• Join over 1.2 million students every month
  • Accelerate your learning by 29%
  • Unlimited access from just £6.99 per month

The Nurse's Song Commentary

Extracts from this document...


The Nurse's Song Commentary These two poems are called The Nurse's Song by William Blake. Blake was an English poet who was born in 1757 and died in 1827. Blake was part of the Romantic Age, which was a revolt against the scientific, rationalization of nature, and admired emotion as an authentic source of aesthetic experience. Although Blake was largely unrecognized as a poet during his lifetime, his work was idiosyncratic for those times. His poetry embraced the imagination, and was reverent to the Bible, but hostile to the Church of England. His views that opposed conformity are evident in his poetry, especially these two poems. One poem is from Blake's Songs of Innocence which describes the innocence and joy of the natural world, advocating love and a closer relationship with God, whereas the other Nurse's Song is from Blake's Songs of Experience which deals with the loss of innocence following exposure to the material world, and its mortal sin. In the Nurse's Song from the Songs of Innocence, there is a conversation between the nurse and the children she looks after: she tells them to come home because it is dark, but the children ask to play for a while longer, which the nurse allows. ...read more.


On the other hand, in the Songs of Experience, the children whisper, this indicates a sense of restriction, so the children are not allowed to be carefree and happy. One of the main themes in these two poems is the freedom of childhood. In the nurse's Song from the Songs of Innocence, there is a dialogue between the nurse and the children in the second and third stanzas. The fact that the children are given a voice indicates the balance between the voices of children and adults. This reflects Blake's view that the imagination of children should be encouraged rather than stifled, and that their innocence is maintained. Moreover, the idyllic nurse allows the children to "play till the light fades away", showing that she sees the value in the children enjoying themselves, and her "heart is at rest". On the other hand, in the nurse's song from the songs of experience, the only voice heard is that of the nurse, indicating her dominance over the children. The children's silence indicates the repressiveness that she imposes on them. This reflects the reality during Blake's time, when children were not given voices to speak out. ...read more.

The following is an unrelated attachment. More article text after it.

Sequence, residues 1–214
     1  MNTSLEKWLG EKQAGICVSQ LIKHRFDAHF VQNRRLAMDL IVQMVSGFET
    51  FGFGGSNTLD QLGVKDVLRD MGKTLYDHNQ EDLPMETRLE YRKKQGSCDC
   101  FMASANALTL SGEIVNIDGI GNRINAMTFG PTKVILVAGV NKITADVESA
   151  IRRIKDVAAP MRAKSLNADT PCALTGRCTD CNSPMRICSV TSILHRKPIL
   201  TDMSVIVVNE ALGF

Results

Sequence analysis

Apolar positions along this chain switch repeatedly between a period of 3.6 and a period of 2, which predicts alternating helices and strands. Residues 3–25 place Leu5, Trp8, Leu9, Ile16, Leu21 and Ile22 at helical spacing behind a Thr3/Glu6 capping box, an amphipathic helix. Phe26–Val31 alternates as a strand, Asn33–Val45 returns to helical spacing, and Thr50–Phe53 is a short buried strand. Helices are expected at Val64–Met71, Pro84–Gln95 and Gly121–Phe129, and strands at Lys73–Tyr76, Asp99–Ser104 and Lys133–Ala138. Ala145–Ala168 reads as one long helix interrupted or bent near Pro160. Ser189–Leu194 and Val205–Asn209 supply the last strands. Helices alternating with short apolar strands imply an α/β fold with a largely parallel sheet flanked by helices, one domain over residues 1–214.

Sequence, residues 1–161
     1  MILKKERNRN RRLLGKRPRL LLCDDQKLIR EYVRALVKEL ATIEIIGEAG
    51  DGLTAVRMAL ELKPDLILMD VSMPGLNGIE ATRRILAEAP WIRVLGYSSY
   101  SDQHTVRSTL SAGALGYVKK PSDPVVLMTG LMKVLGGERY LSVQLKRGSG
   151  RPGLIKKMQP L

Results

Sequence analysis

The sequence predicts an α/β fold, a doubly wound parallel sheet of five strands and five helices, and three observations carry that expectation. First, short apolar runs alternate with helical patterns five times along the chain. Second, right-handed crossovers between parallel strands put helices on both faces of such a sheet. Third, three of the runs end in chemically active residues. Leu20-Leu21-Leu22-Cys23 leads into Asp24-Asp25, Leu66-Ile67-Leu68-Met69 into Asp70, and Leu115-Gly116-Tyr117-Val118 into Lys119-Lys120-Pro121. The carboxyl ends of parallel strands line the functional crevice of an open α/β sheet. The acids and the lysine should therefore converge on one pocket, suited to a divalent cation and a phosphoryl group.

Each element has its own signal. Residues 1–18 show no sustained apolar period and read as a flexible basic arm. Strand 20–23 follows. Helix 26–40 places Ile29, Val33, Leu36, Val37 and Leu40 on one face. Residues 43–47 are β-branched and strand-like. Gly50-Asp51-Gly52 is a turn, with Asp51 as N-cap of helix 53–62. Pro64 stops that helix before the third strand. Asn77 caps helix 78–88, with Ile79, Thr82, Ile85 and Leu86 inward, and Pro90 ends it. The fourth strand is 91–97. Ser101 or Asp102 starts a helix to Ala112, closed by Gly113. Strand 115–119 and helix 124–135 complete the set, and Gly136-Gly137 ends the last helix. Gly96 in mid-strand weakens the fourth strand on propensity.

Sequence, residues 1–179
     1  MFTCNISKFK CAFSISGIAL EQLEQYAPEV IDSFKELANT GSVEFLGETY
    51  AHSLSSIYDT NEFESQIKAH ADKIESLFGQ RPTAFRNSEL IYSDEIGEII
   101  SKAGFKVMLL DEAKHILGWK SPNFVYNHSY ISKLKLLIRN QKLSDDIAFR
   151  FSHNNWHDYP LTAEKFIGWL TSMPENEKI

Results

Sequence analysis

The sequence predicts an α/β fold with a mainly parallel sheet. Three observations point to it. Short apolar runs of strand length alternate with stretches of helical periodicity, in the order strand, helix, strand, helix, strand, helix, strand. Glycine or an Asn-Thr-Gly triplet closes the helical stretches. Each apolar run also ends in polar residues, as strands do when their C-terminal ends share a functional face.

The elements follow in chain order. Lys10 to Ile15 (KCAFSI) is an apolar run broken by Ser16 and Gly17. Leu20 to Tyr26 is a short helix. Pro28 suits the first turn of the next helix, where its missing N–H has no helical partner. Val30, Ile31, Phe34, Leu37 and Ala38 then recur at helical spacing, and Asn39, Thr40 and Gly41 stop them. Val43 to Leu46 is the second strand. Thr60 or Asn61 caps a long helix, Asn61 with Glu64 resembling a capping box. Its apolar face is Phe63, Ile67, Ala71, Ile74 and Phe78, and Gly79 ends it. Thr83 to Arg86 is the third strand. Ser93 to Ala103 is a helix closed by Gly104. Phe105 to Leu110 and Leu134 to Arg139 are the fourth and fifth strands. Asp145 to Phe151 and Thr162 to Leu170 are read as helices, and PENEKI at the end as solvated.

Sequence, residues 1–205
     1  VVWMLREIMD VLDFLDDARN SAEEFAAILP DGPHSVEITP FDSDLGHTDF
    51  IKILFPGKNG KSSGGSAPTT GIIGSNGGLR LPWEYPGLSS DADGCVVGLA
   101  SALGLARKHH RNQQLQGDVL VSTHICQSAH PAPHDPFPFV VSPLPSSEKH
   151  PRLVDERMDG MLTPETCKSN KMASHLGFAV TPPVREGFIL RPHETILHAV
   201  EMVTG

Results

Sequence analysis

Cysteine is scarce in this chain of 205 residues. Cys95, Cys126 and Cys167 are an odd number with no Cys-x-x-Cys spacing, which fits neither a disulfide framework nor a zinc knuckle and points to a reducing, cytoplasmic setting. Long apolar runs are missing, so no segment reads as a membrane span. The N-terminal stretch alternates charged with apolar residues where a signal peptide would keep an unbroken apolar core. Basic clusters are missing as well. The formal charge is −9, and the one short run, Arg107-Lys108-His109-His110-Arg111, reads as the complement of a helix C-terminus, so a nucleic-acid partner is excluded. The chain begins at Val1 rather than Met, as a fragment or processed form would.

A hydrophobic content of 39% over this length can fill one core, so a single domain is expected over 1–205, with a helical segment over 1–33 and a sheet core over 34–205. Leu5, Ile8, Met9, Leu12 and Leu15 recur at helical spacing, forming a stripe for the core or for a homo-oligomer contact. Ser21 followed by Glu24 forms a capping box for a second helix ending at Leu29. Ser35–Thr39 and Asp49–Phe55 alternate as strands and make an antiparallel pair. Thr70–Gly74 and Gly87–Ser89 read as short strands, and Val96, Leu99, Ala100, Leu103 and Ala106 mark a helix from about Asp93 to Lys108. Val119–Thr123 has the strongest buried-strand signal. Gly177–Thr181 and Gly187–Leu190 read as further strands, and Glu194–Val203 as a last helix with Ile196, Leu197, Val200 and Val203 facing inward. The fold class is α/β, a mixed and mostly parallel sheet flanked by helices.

Various literary devices are used in these two poems. In the poem from the songs of innocence, "the little ones leaped, and shouted, and laughed". The use of a list of three active words creates a cheerful, idyllic image of childhood and freedom. Both poems begin with the same first line, "when the voices of children are heard on the green". This repetition is deceptive, as this sets the reader's expectations up to think that both poems will have similar tones when in fact they are very different. The poem from the songs of innocence uses an anti-climax at the end of the poem, as the light will not last forever, which creates a letdown of emotions, perhaps foreshadowing the dismal situation of childhood, as presented in the second poem. To conclude, Blake creates two very different images of nurses in these two poems. The poem from the songs of innocence is called THE nurse's song, which indicates that it is a single, idealistic nurse, whereas the poem from the songs of experience is simply called nurses song, which is more generalistic, and therefore reflects the reality of society. The two poems create a contrast between Blake's idea of an idyllic childhood and the reality of his time, therefore criticising societal values and attitudes towards children. ...read more.